Nationwide study to explore why people with autism more at risk of mental health problems

Research news

Friday 27 January 2017

Press contact

Press Team

Researchers are carrying out the first study of its kind aiming to understand why people with autism may be at risk of depression and suicide.

The team from Coventry University and the University of Cambridge has launched a nationwide online survey – and is calling on adults either with or without a diagnosis of Autism Spectrum Condition (ASC) to take part.

About 700,000 people in the UK have ASC, which is a lifelong developmental disability that affects people’s perceptions and interactions with others.

The team from Mental Health Autism, a research group based in the university’s Centre for Research in Psychology, Behaviour and Achievement, hopes the results will enable them to create the first assessment tools for health organisations, service providers and clinicians to quickly assess if a patient with ASC is at risk of suicide and to enable them to receive the correct support and treatment.

Recent research from the team revealed that up to 66 per cent of adults newly diagnosed with Asperger Syndrome (a subgroup on the autism spectrum without language delay or learning disability) consider suicide at some point in their lives, compared to the national average of 17 per cent for the general population.

Another large study revealed that people with ASC are much more at risk of dying by suicide than those without the condition.

However, there is little research to understand why this is and how it can be addressed.

The online survey covers topics including people’s employment experience, satisfaction with living arrangements and any diagnoses, treatment or support being offered.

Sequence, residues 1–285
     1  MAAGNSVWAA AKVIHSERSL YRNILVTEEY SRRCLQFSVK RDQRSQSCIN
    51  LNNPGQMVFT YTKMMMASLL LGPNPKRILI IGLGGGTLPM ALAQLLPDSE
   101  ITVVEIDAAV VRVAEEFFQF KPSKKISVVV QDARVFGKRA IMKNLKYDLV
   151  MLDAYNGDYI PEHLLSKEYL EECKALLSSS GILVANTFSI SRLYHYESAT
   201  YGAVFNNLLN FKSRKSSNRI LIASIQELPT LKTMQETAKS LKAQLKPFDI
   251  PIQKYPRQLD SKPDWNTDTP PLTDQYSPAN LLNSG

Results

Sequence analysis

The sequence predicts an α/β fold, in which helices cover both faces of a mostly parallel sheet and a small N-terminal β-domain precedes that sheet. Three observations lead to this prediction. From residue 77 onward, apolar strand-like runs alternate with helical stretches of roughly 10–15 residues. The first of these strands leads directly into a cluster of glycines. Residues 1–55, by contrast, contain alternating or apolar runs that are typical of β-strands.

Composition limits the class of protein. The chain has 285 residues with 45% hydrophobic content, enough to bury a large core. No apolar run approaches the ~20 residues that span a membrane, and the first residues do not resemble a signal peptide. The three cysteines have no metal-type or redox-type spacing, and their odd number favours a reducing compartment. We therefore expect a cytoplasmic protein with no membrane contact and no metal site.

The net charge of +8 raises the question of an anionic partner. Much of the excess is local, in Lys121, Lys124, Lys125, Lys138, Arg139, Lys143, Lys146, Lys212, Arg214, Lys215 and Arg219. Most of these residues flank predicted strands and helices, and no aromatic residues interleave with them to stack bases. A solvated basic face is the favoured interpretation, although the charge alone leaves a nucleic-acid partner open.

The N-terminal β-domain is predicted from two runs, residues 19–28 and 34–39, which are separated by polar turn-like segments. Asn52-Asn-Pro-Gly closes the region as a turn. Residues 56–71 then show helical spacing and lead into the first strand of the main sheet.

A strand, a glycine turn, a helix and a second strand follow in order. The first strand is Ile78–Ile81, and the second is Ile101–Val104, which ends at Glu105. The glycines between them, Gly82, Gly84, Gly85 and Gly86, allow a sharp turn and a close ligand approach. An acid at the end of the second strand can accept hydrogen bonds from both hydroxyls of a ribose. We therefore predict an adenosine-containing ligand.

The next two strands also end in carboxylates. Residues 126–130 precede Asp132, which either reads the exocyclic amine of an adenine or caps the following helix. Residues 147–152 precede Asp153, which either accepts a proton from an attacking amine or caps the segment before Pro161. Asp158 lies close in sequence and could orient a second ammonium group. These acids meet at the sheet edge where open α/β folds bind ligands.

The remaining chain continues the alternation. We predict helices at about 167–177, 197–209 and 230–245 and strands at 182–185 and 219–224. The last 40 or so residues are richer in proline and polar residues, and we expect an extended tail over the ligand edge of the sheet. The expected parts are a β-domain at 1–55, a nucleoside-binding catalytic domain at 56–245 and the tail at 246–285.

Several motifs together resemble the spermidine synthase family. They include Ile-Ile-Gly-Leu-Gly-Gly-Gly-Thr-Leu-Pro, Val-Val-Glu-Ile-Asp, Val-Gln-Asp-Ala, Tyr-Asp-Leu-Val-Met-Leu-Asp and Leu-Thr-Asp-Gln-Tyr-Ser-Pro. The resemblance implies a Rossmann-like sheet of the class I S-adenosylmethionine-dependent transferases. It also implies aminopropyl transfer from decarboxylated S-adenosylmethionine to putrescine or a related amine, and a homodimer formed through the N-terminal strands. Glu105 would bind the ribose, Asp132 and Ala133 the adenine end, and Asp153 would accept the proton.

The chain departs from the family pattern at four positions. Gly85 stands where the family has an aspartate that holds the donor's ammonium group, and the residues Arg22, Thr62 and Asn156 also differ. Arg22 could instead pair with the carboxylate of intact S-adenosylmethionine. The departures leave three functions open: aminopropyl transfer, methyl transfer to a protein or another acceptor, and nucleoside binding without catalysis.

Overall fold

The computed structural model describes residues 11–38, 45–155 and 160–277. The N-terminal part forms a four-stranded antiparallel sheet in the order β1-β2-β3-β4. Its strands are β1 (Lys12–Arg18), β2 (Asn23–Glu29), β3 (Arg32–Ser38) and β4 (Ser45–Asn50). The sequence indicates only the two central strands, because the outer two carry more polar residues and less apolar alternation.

The survey will run for the next three months and preliminary results are expected to be available from June.

There will also be a series of events this year aiming to make sure the research and issues explored within it make the agendas of service providers, policy makers and researchers, both nationally and worldwide.

The research has been funded by the Economic and Social Research Council, National Institute of Health Research, and Autistica.
Dr Sarah Cassidy, lead researcher for atypical development at Coventry University, said:

Despite evidence that adults with ASC are at significantly increased risk of suicide, there is very little research in this area to inform ways to prevent or treat mental health problems and suicide risk in these individuals.

By taking part in this research you will be helping us understand mental health problems, self-injury and thoughts of ending life in those with and without a diagnosis of ASC, and what could make a real difference in reducing these difficulties. This will be the first study of its kind, and will really help guide service providers in supporting people with ASC who experience these difficulties.

Professor Simon Baron-Cohen, the lead collaborator at the Autism Research Centre, Cambridge University, added:

This work is vital if we are to prevent the personal and family tragedy that every suicide causes.

To take part in the survey visit: